I'm tying to understand boost and buck converter designs. Recently I made a prototype of a simple boost converter, used this as a reference. Used parts are as follows:

  • Transistor - IRF3205
  • Diode - STPS1545CT
  • Inductor - T80-6 core with 25 windings of 1mm wire.
  • PWM Source - Arduino Leonardo

PWM Duty cycle is set to 60%, frequency 70kHz.

It boost 12V input up to 40V. But transistor dissipates to much heat. Are there any issue I have to take into account? What is the reason for such power dissipation?

  • \$\begingroup\$ Mayve tge arduino can't provide a proper Vgs, the mos is not fully on and dissipates quite a bit. Can you possibly scope the mos gate terminal? \$\endgroup\$ Apr 18, 2015 at 10:57

1 Answer 1


You have not mentioned it, so I'd guess you're driving the MOSFET directly from the Arduino. That alone would explain the large dissipation, as an MCU GPIO pin is simply not powerful enough to drive a power MOSFET directly. The IRF3205 is a non-logical-level MOSFET, so even the driving voltage alone may be insufficient (logical-level MOSFETs can be driven from 5V, non-logical-level MOSFETs are usually specified to be driven from at least 8-10V). But for high frequency driving, the gate also needs to be charged and discharged reasonably fast, and in case of power MOSFETs switched on and off tens or hundreds of thousands per second that needs a driver capable of sending driving current on the order of Amps. An MCU output is simply not powerful for this, so the gate voltage will not transition fast enough, and the MOSFET will spend most of its time somewhere in between the fully open and fully closed states. The solution is to use a MOSFET driver between the GPIO pin and the MOSFET gate. You'll also need a proper power supply for the MOSFET driver, in the range of 8..12V, for this MOSFET type. You might replace the MOSFET with a logical-level MOSFET, then you may use your 5V supply, but you'll still need a MOSFET driver.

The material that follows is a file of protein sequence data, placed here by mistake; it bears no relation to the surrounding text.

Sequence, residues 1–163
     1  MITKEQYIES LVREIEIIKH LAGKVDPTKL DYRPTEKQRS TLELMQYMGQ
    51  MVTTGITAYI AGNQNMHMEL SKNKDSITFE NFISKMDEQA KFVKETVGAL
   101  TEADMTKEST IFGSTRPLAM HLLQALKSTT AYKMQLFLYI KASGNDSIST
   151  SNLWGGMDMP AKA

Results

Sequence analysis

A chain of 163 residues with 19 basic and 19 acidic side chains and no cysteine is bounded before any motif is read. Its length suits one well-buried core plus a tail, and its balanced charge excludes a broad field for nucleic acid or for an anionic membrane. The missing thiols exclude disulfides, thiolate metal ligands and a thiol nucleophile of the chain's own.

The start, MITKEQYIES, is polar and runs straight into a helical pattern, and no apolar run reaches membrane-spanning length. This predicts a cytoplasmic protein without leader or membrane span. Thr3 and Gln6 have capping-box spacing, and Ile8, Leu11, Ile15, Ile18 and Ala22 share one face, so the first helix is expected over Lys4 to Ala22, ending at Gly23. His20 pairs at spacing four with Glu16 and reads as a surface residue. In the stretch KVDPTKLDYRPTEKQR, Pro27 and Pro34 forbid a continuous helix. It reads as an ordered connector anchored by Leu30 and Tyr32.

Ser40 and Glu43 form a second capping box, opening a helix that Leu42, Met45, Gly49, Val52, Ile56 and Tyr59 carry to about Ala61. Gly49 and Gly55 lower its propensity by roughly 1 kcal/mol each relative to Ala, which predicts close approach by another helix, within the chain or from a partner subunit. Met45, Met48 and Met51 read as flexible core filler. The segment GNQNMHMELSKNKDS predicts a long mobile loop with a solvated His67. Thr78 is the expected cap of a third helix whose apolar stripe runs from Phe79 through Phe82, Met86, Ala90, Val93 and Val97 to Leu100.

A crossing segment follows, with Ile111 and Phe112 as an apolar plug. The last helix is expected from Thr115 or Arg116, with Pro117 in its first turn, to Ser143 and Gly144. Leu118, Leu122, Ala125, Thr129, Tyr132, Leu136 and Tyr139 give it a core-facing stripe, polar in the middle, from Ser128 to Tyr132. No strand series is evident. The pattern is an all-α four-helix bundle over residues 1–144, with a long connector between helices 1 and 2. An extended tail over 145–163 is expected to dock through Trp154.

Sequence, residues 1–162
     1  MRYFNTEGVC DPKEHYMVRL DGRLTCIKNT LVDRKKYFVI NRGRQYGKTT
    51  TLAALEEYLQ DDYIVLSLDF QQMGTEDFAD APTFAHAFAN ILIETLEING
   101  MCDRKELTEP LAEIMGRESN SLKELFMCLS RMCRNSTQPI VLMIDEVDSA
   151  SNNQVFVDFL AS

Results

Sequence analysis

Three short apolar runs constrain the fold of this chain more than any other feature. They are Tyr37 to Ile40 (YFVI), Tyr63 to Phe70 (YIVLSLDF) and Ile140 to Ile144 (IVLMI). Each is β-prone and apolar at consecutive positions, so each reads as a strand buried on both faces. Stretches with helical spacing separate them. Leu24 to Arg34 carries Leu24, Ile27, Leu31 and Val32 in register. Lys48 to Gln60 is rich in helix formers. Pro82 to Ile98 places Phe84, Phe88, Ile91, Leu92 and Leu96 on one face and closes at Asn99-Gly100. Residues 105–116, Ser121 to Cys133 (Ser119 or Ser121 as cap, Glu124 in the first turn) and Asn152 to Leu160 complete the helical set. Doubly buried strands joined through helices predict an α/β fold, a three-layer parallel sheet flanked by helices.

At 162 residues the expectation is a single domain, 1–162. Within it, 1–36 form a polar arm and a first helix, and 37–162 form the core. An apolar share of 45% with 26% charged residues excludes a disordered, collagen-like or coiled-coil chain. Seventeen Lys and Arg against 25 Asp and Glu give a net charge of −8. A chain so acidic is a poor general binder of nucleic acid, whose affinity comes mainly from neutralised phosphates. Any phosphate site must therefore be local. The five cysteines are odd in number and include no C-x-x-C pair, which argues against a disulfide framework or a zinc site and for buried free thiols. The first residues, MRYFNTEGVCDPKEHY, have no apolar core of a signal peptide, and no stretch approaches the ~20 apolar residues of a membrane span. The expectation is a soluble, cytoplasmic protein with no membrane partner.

• 1
    \$\begingroup\$ This is correct. Search for the Rds/Vgs curve in google and see what happens when you apply a certain voltage on the mosfet gate (the Resistenace between drain and source changes). The mosfets do need current to charge the gate capacitor, if your output (arduino) cannot provide enough current the capacitor will take longer to charge and thus the voltage on the gate will take longer to reach the desired level, this means that the mosfet will be in the ohmic region longer and increasing the power dissipation. The mosfet drivers can provide a lot of current to charge that capacitor. \$\endgroup\$
    – scrafy
    Apr 18, 2015 at 13:01
  • \$\begingroup\$ I tried with K15J60U, it has little bit lower drive voltage (but still needs to be improved). It heats a little bit. Is it possible to use ssomething similar to this? 256.co.uk/wordpress/wp-content/uploads/2014/03/… \$\endgroup\$
    – stardust
    Apr 18, 2015 at 15:39
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    \$\begingroup\$ I don't think 817 optocouplers are a good way to construct a discrete MOSFET driver. I'd suggest to use a standard IC-based one. If you really need to have the MOSFET on the high-side (I'm not convinced that it cannot be moved to the GND power line), you'll need a high-side (or a high-side + low-side) MOSFET driver (IRS2101 and similar). Otherwise cheaper low-side drivers can be used, Microchip for example has a large variety of them. \$\endgroup\$ Apr 18, 2015 at 17:57

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